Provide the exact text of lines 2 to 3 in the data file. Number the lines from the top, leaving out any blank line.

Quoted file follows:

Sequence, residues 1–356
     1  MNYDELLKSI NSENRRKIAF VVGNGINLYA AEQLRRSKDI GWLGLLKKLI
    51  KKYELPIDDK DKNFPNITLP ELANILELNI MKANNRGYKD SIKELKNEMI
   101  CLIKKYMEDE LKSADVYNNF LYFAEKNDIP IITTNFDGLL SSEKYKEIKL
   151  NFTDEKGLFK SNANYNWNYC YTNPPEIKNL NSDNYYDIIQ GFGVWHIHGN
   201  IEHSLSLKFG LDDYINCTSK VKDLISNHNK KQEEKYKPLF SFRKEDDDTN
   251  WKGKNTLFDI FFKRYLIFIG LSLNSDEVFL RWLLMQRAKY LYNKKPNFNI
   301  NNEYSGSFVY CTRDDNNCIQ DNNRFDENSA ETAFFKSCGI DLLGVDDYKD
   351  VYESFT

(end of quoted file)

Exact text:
     1  MNYDELLKSI NSENRRKIAF VVGNGINLYA AEQLRRSKDI GWLGLLKKLI
    51  KKYELPIDDK DKNFPNITLP ELANILELNI MKANNRGYKD SIKELKNEMI